the snow come down.

my aunt called to say that she had found a four-bedroom unit in makati, near my uncle's place. she also told me that my mom plans to retire after her 62nd birthday, this february. "oh," i said. i couldn't think of anything else to say. my aunt has made it pretty clear that she wants us to be closer, to live near her in the philippines. i imagine it is because she is lonely, working for the airline and all. i understood then that it was a possibility, that i could say goodbye to this thing called the united states. even if i failed at my dream of becoming a writer or worse, a teacher of writing, i could always carry baggages for very important people.

as these thoughts swam through my head, a brown-skinned man in an orange jacket lifted my umbrella and part of my bag. his rude gesture signaled that he wished to sit down. i didn't quite get it, since there were many open seats around me. i wanted to say, what's your problem. why are you grabbing at my shit when you could easily sit anywhere else. the bus rolled up jackson, through the international district, and outside a grocery store, someone was lighting off some fireworks.

"oh. hahaha," the man next to me said. "what is that for?"
"chinese new year," i said.
"oh. yeah. chinese new year."
"you chinese?"
"no," i said, "filipino."
"oh. from the philippines."
i nodded.
"me, i'm from south africa," he said.
"oh yeah?" i said.
his accent was thick, and i prepared myself to not be able to understand him. he sipped his coke. "what time is it in china?"
"i don't know. morning, probably."
"morning today?"
"no, morning tomorrow. i think."
"oh yeah. then new year's was yesterday for them."
"no. i think it would be new year's day now."
"oh. oh. yeah."
"you see, there are very important numbers. numbers is very important for chinese people. in philippines, when is their new year?"
"january 1st," i said, "same as here."
"oh. same as here."
"you see, in south africa, there is thirteen months. their calendar much much different."
"oh really?" i'd never heard such a thing, and it didn't quite make sense, but i bought it.
"yes, like in china. their calendar very different from the rest of the world. they're not in touch with the rest of the world."
again, i nodded. i would be doing a lot of nodding for the remainder of the conversation.
"in china, there is communist. everybody is pay the same, so it make life difficult. the same is like cuba. if you live in cuba, you can work, but you will not make living. not like here."
i kept nodding.
"but now you know, it is even difficult here. the last eight years with w. bush? fucked up! am i right?"
"you're right," i said.
"but hopefully, things are getting better, you know. for the dark man with obama. before, it used to be terrible for the blacks, my country especially." he paused for a moment, and then he said, "it's tough to leave your country."
the last phrase hung in the air. i couldn't help but take it as a sign. my aunt had just gotten through telling me that my mom and dad were ready and willing to retire to the philippines, and all of a sudden, this guy lays it on me. and nobody - i mean nobody - ever talks to me on the bus. it's tough to leave your country.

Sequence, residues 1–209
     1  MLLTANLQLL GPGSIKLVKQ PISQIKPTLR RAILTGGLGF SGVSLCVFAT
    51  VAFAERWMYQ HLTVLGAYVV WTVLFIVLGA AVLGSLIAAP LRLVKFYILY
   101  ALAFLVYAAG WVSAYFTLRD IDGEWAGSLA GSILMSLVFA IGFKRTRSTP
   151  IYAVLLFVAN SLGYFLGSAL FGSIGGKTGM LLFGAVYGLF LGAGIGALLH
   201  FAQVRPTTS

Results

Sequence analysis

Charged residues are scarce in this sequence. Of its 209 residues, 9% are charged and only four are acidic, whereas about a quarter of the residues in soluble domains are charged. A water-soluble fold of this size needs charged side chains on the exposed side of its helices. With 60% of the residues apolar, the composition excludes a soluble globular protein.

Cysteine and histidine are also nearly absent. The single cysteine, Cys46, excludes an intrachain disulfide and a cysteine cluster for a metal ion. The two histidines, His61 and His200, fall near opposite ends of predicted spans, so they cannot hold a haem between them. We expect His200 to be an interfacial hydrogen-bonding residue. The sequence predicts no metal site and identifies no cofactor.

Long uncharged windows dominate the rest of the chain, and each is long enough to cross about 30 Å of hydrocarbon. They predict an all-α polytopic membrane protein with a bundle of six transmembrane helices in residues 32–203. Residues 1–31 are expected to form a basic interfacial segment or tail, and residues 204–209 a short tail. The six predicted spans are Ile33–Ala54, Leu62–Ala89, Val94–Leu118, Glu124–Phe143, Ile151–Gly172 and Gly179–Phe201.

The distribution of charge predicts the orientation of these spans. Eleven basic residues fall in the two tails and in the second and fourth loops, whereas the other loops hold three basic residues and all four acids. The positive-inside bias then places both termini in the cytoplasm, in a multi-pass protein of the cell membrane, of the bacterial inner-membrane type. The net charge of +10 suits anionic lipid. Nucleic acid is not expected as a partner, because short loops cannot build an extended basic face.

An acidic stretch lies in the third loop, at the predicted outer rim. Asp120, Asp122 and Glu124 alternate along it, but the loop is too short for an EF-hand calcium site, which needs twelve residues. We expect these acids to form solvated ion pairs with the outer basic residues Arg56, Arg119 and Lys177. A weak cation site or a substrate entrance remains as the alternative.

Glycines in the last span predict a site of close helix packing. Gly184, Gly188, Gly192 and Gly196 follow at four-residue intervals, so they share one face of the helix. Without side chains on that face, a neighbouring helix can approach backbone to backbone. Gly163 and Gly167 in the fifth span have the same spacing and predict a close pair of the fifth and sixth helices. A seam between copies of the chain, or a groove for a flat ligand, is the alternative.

"how long have you been here?"
"sixteen years," he said. "and you?"
"i was born here." he nodded, and i felt guilty. i may as well have said, i won the citizenship lottery. ha-ha.
"what you do?" he said. "you a student?"
"no, i finished already."
"oh. finished. that is good, that is good. where do you work now?"
"i work at the school."
"you teach?"
"no, no. i work in the office."
"oh. work in the office. and what did you study?"
"writing," i said.
"writing for? like newspaper or magazine articles?"
i didn't quite know how to break it to him. writing silly little stories that go nowhere. writing about everything and nothing in particular. things like this, just you and me talking. "umm, writing like short stories. fiction. literature."
"ah, okay," he said.
"what about you?"
"i am a student."
"what are you studying?"
"well, my english is not so good. i am still trying to better my english, then someday, hopefully, i can go into medicine."
"do you go to the uw?"
"no, south seattle community college. i am still taking basic english courses, then one day i can transfer to uw or seattle university. or, there is a school in spokane?"
"yes," i said, "gonzaga."
"yes, that is it. gonzaga."

he must've been in his mid to late thirties, and he was still chasing a dream. i couldn't help but feet guilty about my station in life, having everything but dreams. the whole thing felt surreal, almost like i was the main character in waking life, where all these strangers would just lay these heavy things on him, and he wouldn't know what to make of them. i wondered if this south-african future med student was someone, something i had just created in my mind. i pulled the line, and i said, "take care." suddenly, he got up and said, "this is my stop, too," which made it even more creepy. we both got off at my usual stop, and as we crossed the dark street, he said, "you, as long as you try for the best, it will be good for the future."

these strangers who tell me these things. it's almost as if they know me, they know this story i'm trying to tell.


Anonymous said...

He was trying to say, "you fool".

beastmomma said...

It is amazing how much insight and self-awareness comes from random encounters.